I want to prove that given that $\gamma_0,\gamma_1$ are closed rectifiable curves in a region G with $\gamma_0 \sim \gamma_1\ $(i.e. homotopic) in G and $w \in \Bbb C- \{G\}$. Then $n(\gamma_0,w)=n(\gamma_1,w).$

Okay so here's my attempt :

First of all we are trying to show that $n(\gamma_0,w)=n(\gamma_1,w). \Rightarrow \tfrac{1}{2\pi i}\int_{\gamma_0}\tfrac{dz}{z-w}=\tfrac{1}{2\pi i}\int_{\gamma_1}\tfrac{dz}{z-w}$

As w lies outside of $\gamma_1,\gamma_0$ then $\tfrac{1}{z-w}$ is holomorphic on a disk which includes $\gamma_1,\gamma_0$ so by Cauchy's theorem


This implies that $n(\gamma_0,w)=n(\gamma_1,w).$

Here's my trouble :

I'm not sure I understand why the fact that the two curves are homotopic matters.Here's what I think the reason is but I'm not entirely sure.

As we didn't specify what type of region G was lets say that its an annulus. lets also say that w is in the centre of this annulus. Then the winding number of both curves around the point w is no longer zero infact now they can be different. but then we dont neccarily have it that $\int_{\gamma_0}f(z)dz=\int_{\gamma_1}f(z)dz$ even though f is holomorphic in G. and so we can assume that the two curves are not homotopic.

I'm not sure if this reasoning is correct ,if it is the correct notion I think it's not explained very formally as it were .

So I have three questions:

i)Is the reasoning in my attempt section correct ?

ii)Is my reasoning as to why homotopy is important here correct ?

iii) Is there any suggestions ( If I am correct in my reasoning behind the importance of homotopy ) as to how I can present it more formally ?

  • $\begingroup$ (i) Not exactly. As your example in (ii) with $G$ an annulus shows, we don't necessarily have a disk containing $G$ but excluding $w$. $\ $ At (ii) you correctly write that $\int_{\gamma_1}\frac{dz}{z-w}$ is not necessarily zero. Do you already know that if $\gamma$ is nullhomotopic within $G$, then $\int_\gamma f(z)dz=0$ for every holomorphic $f$? $\endgroup$ – Berci Oct 22 '18 at 22:34
  • $\begingroup$ @Berci ah okay I see where I went wrong with part i) I gave an example that contradicted my own method...silly mistake. as for (ii) by nullhomotopic do you mean gamma homotopic to zero ? (i.e. gamma is homotopic to a constant curve . This is how it was defined in class although I'm not sure what a "constant curve" is.) If this is what you mean I know that $\int_{\gamma}f=0$ for gamma homotopic to zero and f holomorphic. Would I be right in saying that if we use an annulus for G that gamma is not homotopic to zero? $\endgroup$ – Voltron Oct 22 '18 at 22:57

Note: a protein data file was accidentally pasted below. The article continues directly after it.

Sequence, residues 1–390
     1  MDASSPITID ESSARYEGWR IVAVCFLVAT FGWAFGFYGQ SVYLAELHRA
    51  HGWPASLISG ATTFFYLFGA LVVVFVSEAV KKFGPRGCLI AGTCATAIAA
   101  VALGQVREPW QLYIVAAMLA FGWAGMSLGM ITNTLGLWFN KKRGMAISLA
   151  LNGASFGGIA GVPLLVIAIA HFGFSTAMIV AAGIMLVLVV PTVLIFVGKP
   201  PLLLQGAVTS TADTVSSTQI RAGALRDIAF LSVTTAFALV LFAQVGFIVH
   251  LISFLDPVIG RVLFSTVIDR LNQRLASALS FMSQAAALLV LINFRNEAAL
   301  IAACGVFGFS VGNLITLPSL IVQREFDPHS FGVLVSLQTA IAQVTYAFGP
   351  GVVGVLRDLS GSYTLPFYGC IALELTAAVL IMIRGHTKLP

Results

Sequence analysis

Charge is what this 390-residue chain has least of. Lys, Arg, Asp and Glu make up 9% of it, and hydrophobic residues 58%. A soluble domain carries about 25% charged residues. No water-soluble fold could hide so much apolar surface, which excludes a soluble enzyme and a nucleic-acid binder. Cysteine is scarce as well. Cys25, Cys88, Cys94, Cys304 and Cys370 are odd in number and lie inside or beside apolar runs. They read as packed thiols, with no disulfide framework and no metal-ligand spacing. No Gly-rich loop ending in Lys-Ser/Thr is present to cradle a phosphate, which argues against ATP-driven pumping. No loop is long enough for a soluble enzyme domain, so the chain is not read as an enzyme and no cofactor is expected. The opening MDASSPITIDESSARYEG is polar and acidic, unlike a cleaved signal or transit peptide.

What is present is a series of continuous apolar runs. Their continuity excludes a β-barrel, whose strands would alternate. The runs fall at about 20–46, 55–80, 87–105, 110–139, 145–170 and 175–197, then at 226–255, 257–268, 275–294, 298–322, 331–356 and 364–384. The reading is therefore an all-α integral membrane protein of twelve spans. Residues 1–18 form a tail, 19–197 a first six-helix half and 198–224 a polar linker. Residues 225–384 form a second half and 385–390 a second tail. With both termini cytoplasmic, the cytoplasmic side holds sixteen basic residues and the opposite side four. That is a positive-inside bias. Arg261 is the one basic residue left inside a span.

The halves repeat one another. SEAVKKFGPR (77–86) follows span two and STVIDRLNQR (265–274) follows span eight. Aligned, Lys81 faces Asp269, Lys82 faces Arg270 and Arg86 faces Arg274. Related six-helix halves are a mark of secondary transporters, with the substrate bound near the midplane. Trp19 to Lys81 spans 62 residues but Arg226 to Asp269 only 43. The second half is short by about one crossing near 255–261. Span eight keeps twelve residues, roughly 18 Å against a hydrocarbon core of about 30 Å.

• $\begingroup$ Yes, neither $\gamma_1$ nor $\gamma_2$ need not be homotopic to zero. (That zero in general can be any other point: the only value of the constant path -- should be within $G$.) But we can connect them by a path and reverse one of them, so that the composition becomes nullhomotopic. $\endgroup$ – Berci Oct 22 '18 at 23:00

(i) $\ $ Not exactly. As your example in (ii) with $G$ an annulus shows, we don't necessarily have a disk containing $G$ but excluding $w$.
$\ $ At (ii) you correctly write that $\int_{\gamma_1}\frac{dz}{z-w}$ is not necessarily zero.

(ii) $\ $ Well, if $\gamma_1$ and $\gamma_2$ are not homotopic, then, yes, their winding number might be different.
$\ $ So, being homotopic is an important condition.

(iii) $\ $ Cut both curves e.g. at their starting points, and connect these two points by a path $p$ within $G$.
$\ $ Consider then the closed curve $\gamma:=\gamma_1p\gamma_2^\smallsmile p^\smallsmile$, where $u^\smallsmile$ denotes the reversed path of the path $u$.
$\ $ Show that $\gamma$ is null homotopic within $G$.
$\ $ Therefore, as $w\notin G$, we have $\int_\gamma\frac{dz}{z-w}=0$.
$\ $ Deduce then $\int_{\gamma_1}\frac{dz}{z-w}=\int_{\gamma_2}\frac{dz}{z-w}$.

  • $\begingroup$ thank you for your answer. I can't fully digest it right now because I have to go to sleep soon but tomorrow I'll give it a proper read and try to fix my answer..... I may have more questions if you'd be kind enough to answer them $\endgroup$ – Voltron Oct 22 '18 at 23:20
  • $\begingroup$ I was a unsure of how to use your gamma definition to show that $\gamma$ is null homotopic, But I think I fixed the errors in logic I had been using in my proof in the answer below . Would you mind checking it for me ? $\endgroup$ – Voltron Oct 24 '18 at 16:37

Let $\gamma_1,\gamma_2$ be two closed rectifiable curves in a region G with $\gamma_0$ homotopic to $\gamma_1$ in G.

$\Rightarrow \int_{\gamma_0}f(z)dz=\int_{\gamma_1}f(z)dz$. this is from cauchy's theorem for open sets. (It didn't explicitly say G was open but I used it anyway .This may be a mistake )

If f is holomorphic on .

Consider now

$$n(\gamma_0,w)=\tfrac{1}{2\pi i}\int_{\gamma_0}\tfrac{1}{z-w}dz$$

Well $w\in \Bbb C-G, z\in G$ so therefore $f(z)=\tfrac{1}{z-w}$ is holomorphic in G.

As such $\int_{\gamma_0}f(z)=\int_{\gamma_1}f(z)$

Which means $\int_{\gamma_0}\tfrac{1}{z-w}dz=\int_{\gamma_1}\tfrac{1}{z-w}dz$

In other words

$$\tfrac{1}{2\pi i}\int_{\gamma_0}\tfrac{1}{z-w}=\tfrac{1}{2 \pi i}\int_{\gamma_1}\tfrac{1}{z-w}$$

So therefore


  • $\begingroup$ How is that theorem of Cauchy proved? I guess it's just the same technique as in my answer. Assuming the homotopy is $(\gamma_t)$, it's probably convenient to take $p(t)=\gamma_t(0)$.. $\endgroup$ – Berci Oct 24 '18 at 22:43

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